Home Video Hovel- They Made Me a Fugitive, by David Bax

Alberto Cavalcanti’s They Made Me a Fugitive is most often, not to mention correctly, referred to as a British noir. The noir part is easy to explain as it involves a generally good guy getting involved with some sort of criminal activity and things becoming pretty much unpleasant for him. The British part is pretty self-explanatory too. The film takes place there. Yet there’s more to it than that. Noir is an America film genre with a French name. So what, apart from setting, makes this one British?

These kinds of films were born out of an America reemerging into affluence but still carrying scars of the depression. The dissonance between those two things and a country that was trying to hide the latter in favor of the former led to a streak of cynicism that found its expression in the cinema. The genre was able to continue largely due to World War II, the horrors of which – from the battlefield to the concentration camps – came at the same time that the white picket fence suburban dream was ascendant. Britain fought that war as well but had even more plaguing it in the aftermath than the thoughts of far-afield atrocities. Despite being on the winning side, England was a country that bore the destruction of bombings and had an economy in decline. They had more than enough cause for disillusionment. What sets They Made Me a Fugitive apart from its American contemporaries and forebears is an even more pronounced cynicism, not just on the part of the film but in the characters themselves. Noir protagonists in the U.S. have dreams of upward mobility achieved through downward morality. The criminals in Cavalcanti’s film are more fatalistic.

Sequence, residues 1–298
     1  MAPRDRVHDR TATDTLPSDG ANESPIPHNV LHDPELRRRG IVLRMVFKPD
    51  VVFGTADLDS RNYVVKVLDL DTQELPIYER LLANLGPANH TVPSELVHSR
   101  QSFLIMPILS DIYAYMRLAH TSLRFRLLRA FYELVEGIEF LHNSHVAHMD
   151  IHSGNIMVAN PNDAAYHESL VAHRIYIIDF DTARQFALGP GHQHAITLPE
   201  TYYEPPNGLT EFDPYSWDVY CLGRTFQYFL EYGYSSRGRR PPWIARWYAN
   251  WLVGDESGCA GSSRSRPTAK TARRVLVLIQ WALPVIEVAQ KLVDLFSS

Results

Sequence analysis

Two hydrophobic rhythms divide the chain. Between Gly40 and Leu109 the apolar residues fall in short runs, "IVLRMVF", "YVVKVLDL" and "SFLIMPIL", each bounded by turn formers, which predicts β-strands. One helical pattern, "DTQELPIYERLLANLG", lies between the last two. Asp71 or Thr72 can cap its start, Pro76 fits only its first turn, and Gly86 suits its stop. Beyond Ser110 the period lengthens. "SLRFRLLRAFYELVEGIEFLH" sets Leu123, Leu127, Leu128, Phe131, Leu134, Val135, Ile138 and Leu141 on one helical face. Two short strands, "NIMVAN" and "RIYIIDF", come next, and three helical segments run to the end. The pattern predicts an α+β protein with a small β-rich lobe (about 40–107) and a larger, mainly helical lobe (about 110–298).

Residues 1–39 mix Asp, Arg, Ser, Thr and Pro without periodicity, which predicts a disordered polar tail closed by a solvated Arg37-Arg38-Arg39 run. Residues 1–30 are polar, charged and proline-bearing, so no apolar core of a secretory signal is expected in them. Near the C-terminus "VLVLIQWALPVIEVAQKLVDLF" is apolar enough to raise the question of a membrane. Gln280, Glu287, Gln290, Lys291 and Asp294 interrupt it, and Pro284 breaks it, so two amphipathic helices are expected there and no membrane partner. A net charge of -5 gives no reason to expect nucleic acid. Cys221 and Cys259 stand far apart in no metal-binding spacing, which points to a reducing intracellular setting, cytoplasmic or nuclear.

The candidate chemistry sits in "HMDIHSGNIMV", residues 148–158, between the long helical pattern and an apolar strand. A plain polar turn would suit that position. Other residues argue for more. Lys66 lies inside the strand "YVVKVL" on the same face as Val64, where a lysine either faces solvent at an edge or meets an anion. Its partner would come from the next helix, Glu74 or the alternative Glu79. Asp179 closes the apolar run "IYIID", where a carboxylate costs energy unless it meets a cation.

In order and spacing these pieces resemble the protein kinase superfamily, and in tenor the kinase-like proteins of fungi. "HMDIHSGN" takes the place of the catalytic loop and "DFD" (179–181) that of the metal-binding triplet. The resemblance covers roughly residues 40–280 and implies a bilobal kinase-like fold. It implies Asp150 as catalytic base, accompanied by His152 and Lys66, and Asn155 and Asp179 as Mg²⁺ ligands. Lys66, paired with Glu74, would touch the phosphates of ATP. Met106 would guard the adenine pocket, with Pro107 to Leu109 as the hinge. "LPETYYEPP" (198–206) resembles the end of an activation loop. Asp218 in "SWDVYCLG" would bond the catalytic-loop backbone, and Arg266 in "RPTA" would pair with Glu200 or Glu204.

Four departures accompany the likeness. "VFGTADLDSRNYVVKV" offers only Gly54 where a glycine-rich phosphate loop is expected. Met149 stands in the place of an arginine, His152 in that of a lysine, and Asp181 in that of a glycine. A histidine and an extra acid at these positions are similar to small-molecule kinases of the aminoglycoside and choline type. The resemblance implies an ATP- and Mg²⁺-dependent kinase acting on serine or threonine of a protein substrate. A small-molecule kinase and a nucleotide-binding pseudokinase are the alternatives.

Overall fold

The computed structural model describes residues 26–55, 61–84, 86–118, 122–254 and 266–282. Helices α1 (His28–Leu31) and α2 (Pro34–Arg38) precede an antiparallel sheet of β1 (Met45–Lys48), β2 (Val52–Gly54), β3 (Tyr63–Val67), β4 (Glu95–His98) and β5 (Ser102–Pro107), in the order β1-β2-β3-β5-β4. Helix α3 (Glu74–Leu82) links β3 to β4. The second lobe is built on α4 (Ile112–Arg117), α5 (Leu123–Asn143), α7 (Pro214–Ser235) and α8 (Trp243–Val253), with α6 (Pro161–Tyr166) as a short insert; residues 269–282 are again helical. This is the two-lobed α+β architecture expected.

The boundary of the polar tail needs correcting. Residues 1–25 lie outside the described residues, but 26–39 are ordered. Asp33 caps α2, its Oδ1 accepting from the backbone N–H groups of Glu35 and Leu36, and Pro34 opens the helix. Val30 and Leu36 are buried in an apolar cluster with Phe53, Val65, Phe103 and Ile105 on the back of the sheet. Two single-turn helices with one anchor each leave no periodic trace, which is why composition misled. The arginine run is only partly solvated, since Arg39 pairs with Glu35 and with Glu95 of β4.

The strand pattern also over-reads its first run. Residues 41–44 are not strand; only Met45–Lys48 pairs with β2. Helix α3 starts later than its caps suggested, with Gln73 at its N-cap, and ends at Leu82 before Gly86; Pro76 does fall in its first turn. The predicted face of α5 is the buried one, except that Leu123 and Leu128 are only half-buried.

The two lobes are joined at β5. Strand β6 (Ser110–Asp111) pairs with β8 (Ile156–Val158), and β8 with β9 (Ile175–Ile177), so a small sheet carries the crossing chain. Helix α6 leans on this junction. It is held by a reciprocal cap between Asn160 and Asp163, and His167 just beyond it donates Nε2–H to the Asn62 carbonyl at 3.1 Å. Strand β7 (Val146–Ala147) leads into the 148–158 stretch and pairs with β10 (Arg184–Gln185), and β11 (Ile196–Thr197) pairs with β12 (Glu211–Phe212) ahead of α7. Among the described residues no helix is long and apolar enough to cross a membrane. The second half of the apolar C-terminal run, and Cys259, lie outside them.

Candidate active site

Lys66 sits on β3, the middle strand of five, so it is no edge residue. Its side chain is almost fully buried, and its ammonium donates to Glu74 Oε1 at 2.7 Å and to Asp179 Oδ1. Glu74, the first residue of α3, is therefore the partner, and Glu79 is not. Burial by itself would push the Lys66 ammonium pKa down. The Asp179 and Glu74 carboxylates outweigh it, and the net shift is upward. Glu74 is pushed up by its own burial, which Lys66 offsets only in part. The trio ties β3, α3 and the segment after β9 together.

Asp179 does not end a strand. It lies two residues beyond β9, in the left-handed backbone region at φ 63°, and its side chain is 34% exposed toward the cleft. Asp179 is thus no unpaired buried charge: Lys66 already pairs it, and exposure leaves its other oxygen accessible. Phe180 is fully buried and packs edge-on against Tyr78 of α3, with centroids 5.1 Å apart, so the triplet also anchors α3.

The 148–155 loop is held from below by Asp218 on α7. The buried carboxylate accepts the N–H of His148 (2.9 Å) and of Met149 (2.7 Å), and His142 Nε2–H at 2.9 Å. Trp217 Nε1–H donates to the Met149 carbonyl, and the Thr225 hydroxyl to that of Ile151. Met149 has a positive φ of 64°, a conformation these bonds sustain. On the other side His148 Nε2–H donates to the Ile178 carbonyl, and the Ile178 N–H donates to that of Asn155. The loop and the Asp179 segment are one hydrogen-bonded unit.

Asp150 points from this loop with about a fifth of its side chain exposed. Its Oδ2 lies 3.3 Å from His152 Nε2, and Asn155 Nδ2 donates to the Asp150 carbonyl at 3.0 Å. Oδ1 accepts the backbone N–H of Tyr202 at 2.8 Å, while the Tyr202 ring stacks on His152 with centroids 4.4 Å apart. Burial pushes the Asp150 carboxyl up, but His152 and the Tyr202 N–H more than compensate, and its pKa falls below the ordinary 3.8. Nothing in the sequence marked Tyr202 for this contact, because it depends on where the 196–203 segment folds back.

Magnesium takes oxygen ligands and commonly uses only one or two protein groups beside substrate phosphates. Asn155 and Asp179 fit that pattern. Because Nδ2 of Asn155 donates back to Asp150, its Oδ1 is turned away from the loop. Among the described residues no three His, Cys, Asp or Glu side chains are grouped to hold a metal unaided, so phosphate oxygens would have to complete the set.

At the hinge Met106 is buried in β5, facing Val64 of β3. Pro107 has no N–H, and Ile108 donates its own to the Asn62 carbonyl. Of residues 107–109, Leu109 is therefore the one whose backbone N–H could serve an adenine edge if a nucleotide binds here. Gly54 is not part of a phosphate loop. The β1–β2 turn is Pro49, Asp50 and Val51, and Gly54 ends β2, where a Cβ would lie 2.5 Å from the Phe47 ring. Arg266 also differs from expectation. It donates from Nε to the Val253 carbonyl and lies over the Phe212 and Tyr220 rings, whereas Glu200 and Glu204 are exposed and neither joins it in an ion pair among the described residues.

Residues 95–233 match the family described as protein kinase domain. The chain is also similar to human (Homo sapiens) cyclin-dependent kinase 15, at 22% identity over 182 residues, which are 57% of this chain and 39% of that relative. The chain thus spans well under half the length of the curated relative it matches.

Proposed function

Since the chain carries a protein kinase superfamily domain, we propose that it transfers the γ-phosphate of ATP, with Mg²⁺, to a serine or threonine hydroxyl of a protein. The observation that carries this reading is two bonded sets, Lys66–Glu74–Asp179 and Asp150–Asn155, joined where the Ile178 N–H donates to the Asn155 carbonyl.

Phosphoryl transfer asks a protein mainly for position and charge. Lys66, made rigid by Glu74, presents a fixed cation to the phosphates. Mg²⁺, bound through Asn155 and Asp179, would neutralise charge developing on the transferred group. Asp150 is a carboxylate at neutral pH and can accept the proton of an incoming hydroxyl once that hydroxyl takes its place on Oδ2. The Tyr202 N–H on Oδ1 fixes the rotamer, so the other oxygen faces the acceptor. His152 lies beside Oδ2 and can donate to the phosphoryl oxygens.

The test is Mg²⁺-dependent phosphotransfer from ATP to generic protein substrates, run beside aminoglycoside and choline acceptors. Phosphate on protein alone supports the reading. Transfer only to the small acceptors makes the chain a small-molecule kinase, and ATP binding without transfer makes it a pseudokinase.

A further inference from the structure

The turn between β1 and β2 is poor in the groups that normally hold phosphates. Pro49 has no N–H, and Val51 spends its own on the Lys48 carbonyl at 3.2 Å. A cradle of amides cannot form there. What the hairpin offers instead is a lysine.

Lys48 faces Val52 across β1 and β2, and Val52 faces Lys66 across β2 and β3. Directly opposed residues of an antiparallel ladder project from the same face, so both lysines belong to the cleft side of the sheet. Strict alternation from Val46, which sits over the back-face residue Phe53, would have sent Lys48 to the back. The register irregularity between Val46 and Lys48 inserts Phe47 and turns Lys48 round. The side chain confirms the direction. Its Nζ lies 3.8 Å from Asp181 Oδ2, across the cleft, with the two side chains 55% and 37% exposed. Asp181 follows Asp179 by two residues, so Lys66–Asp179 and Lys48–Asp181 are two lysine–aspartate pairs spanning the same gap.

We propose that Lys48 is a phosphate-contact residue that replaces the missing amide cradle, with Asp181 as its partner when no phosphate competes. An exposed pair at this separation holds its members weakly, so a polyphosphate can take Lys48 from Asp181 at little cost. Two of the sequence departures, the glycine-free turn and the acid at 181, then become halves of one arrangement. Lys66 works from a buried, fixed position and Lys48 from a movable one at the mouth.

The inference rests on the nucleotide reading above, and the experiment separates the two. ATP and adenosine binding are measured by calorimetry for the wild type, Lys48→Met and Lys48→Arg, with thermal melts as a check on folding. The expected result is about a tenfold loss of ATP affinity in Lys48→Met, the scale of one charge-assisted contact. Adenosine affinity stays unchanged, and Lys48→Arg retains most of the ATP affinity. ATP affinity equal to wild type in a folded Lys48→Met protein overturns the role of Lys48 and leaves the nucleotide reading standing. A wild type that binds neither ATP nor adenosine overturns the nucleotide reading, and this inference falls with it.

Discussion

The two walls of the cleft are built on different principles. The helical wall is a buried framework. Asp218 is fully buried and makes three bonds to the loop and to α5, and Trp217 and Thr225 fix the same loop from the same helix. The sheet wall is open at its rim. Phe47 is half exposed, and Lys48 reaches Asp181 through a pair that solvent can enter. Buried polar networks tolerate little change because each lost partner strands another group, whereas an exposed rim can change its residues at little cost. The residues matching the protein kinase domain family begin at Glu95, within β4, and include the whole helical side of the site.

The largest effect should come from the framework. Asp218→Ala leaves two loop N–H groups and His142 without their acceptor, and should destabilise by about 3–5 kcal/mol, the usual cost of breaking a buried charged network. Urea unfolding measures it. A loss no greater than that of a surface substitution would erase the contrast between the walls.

Illustrating this point is the fact that our lead, Clem Morgan (Trevor Howard), a war veteran, joins a criminal enterprise not to get rich so much as because he’s bored. However, he’s not totally morally bankrupt – he is our hero, after all – and his disapproval of the outfit’s involvement in the drug trade gets him framed for the murder of a policeman and sent to jail. He escapes, becoming the fugitive of the title, and guns for revenge on the man who set him up, a gangster named Narcy (Griffith Jones, fantastic) by teaming up with Narcy’s scorned ex-girlfriend, Sally (Sally Gray).

The screenplay, by Noel Langley (adapting Jackson Budd’s novel A Convict Has Escaped) brings with it more slight differences from similar American stories. While the dialogue on these shores was definitely hard-boiled, Langley adds a larger dose of bitter humor to the constant threats with bits of speech like, “I’m not naming names but watch where my eyes rest.” An early scene in which Narcy scolds a subordinate for having a “nasty mind” is quietly hilarious because we know, as does Narcy, that his mind is just as mean-spirited. It’s also clear that he doesn’t actually give a damn what goes on in his henchman’s brain. He’s just going through the motions for a spot of fun.

Kino previously released this film on VHS and that version had wonderful picture and sound quality, for the format. The new Blu-ray only enhances the aesthetic experience. The 1.33 compositions of cinematographer Otto Heller (who would later lens the breathtaking Peeping Tom) are crisp in their delineations of space and depth, echoed in the precise lines of the sharp suits and coats worn by the cast. And the sequence of guards and cops charging off into the fog after the escaped prisoner is simply beautiful.

Hopefully, a thrilling movie gorgeously presented will be enough to sate potential buyers, since special features are absent. But, trust me, it’s enough.

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